Ed. note: Since Steve Dolinsky is currently in Paris, veteran blogger Andrew Gill attended this event in his place.
Last night I attended Goose Island's launch event for their new beer, Green Line Pale Ale. That name signifies the Chicago-based mega-microbrewery's resolution to be more eco-friendly than it does the CTA line that runs closest to their facilities. For one thing, the event was at Uncommon Ground on Devon- much closer to the red line, but the home of Chicago's only certified organic rooftop garden. It seems the beer will push sustainability in three major ways.
- The beer's lifecycle. Green Line will only be available on draft in Chicago. No bottles anywhere. (Right on cue NY Times trendpiece on growlers!) It also is a way to track the brewery's efforts to reduce it's carbon footprint in light of an analysis by the Chicago Manufacturing Center. This includes investing in a more efficient grain mill, purchasing renewable energy credits and recycling more and more of the brewery's solid waste. They've set up a website to report on their continuing efforts.
- Encouraging local bars to push sustainability. Goose Island CFO Tony Bowker shared a story about how the brewery previously switched to corn-based plastic cups, hoping they'd compost more easily. Unfortunately Chicago has no composting facility up to the task and Bowker considered the effort a flop. This, he says, underlines why it's important to consider the whole chain of distribution. Goose Island will be encouraging the bars that sell Green Line to think about new ways to be sustainable. If the beer's name and pledge to purchase one square foot of rain forest for each pint sold wasn't enough to remind bartenders to think green, the tap handle made of trees killed by the emerald ash borer should remind them.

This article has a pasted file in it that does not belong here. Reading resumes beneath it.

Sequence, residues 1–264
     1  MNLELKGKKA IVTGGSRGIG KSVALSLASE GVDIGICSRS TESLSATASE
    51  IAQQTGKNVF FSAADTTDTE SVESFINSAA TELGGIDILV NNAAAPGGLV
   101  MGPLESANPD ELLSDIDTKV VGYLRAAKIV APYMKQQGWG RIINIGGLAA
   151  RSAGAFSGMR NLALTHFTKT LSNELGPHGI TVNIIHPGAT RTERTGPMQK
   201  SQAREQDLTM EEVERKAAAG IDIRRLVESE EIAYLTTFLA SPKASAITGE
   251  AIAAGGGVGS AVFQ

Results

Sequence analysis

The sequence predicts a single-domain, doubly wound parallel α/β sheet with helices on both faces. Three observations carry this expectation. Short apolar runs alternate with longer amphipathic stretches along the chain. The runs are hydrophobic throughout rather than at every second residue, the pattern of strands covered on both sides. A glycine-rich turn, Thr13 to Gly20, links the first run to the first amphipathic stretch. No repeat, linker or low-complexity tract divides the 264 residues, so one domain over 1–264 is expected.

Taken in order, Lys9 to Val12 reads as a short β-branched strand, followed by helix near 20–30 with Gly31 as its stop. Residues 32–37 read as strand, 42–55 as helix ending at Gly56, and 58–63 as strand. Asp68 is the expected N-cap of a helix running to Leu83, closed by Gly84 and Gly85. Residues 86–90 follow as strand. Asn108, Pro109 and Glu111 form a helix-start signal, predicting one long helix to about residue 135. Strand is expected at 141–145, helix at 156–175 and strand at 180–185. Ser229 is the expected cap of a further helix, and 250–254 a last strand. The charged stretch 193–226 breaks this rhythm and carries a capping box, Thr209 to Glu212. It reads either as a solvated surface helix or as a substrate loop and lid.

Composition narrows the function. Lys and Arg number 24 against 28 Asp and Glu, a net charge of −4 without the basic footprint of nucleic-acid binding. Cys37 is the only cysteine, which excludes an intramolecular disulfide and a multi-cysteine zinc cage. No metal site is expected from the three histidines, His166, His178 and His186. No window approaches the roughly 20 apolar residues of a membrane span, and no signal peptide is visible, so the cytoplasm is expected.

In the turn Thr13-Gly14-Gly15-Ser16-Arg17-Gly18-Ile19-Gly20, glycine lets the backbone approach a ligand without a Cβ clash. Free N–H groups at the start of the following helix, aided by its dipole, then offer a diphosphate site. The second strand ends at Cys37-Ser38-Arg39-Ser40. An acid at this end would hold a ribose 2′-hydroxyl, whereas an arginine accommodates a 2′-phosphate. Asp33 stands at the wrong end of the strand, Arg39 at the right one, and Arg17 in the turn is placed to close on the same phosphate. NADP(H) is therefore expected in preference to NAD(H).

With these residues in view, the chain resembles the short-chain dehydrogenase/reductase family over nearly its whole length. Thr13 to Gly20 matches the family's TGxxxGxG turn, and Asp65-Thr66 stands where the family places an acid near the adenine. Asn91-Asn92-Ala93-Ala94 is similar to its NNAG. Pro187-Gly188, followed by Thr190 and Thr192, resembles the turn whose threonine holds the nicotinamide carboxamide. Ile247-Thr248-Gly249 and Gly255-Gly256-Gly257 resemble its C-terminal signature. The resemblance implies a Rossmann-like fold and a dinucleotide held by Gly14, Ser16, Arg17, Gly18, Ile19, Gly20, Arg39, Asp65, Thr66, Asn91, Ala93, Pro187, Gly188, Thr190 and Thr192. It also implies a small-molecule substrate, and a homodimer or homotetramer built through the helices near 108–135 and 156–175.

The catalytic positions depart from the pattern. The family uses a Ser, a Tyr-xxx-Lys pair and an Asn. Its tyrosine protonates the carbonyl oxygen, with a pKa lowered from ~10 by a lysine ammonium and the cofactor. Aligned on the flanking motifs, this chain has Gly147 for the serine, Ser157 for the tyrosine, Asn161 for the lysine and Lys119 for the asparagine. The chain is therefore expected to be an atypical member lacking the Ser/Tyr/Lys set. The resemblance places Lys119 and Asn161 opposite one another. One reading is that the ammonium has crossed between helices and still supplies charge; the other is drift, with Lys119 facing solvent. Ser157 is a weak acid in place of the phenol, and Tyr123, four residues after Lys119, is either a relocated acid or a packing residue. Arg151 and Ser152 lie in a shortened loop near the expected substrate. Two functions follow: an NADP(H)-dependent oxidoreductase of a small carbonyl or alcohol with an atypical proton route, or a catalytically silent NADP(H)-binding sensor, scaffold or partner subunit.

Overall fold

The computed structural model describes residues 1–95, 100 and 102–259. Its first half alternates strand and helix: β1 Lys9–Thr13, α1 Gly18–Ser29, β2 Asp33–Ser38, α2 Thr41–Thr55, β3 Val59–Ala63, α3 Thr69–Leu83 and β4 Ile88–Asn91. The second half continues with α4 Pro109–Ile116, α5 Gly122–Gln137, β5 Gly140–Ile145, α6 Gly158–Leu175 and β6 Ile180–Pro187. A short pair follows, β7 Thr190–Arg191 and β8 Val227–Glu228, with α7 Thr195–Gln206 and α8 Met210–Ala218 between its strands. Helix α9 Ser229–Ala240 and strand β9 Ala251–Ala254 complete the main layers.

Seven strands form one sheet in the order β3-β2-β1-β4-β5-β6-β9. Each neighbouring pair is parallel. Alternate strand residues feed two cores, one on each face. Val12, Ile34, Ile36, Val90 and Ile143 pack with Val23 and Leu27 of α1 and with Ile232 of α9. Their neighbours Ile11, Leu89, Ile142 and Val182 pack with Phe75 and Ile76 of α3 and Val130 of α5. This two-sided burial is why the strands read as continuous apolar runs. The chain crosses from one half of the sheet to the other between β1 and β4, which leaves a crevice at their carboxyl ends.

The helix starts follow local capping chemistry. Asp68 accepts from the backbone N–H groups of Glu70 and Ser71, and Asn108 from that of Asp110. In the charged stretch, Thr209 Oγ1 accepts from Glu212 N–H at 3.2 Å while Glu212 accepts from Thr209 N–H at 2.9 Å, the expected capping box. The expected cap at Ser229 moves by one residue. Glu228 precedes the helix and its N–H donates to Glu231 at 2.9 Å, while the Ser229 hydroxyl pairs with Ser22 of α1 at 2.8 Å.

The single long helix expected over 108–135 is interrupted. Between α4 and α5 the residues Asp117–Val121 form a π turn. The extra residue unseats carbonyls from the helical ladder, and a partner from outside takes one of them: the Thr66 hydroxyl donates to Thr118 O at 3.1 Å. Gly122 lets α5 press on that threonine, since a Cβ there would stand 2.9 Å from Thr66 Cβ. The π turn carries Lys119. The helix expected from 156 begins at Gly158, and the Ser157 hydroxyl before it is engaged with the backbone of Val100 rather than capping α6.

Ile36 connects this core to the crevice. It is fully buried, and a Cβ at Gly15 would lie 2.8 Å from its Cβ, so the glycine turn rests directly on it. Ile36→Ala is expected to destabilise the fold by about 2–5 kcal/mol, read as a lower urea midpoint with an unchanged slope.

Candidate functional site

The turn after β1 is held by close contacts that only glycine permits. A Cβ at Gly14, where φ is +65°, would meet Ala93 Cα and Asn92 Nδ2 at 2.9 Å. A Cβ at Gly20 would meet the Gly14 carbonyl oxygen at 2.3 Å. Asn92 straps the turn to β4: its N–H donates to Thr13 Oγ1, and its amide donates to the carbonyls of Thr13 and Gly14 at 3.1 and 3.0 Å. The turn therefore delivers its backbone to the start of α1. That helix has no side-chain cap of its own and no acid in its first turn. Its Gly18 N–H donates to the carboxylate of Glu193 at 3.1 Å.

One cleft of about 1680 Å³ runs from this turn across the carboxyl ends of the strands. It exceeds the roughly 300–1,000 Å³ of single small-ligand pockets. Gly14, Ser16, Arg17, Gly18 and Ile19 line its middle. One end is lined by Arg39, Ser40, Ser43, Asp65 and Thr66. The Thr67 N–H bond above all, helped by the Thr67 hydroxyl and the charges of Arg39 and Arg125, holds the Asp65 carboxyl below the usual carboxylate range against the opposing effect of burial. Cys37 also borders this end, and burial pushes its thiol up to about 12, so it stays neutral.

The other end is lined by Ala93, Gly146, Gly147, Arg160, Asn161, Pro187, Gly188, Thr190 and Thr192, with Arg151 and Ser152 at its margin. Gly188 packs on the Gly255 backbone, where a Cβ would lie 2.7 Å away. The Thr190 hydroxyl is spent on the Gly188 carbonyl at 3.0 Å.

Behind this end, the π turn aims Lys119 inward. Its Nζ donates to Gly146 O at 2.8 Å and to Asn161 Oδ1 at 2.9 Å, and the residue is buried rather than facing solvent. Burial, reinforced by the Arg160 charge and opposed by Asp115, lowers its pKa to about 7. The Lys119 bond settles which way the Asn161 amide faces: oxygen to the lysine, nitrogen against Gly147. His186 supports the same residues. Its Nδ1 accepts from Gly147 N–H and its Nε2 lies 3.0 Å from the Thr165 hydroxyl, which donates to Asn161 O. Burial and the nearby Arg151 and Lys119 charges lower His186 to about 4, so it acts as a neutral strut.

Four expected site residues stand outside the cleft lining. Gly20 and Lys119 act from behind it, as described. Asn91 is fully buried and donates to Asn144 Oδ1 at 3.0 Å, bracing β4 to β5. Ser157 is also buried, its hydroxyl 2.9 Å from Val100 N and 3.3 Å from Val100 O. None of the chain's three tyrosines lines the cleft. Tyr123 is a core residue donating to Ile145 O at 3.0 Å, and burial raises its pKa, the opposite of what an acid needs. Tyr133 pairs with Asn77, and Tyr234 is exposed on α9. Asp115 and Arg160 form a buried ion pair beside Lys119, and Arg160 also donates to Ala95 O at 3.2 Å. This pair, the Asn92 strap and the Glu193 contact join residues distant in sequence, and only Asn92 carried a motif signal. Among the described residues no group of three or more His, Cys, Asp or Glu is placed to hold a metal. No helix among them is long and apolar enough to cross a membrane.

- Supporting other green ventures in Chicago. Anyone who's wandered through a street festival knows Chicagoans will flock to any event with free beer. Goose Island's 312 Urban Wheat is already synonymous with outdoor music in Chicago, now Green Line wants to wet whistles at events for "green community partners." Full disclosure: Goose Island supplies drinks for many Chicago Public Radio events.
So, what does the beer actually taste like? I thought it was kind of like an India Pale Ale with training wheels. Brewmaster Greg Hall said his inspiration for Green Line was mixing 312 with Goose Island IPA at the Pitchfork Music Fest. I think that's exactly what it tastes like- a session beer with just enough bitterness to be interesting. With the craft beer marketplace lately skewing heavily toward hop-heavy IPAs, Green Line is a nice pale ale for the non-beer geek. When you consider that Goose Island could have just made a Powerpoint presentation to tout their environmental efforts, it tastes even better.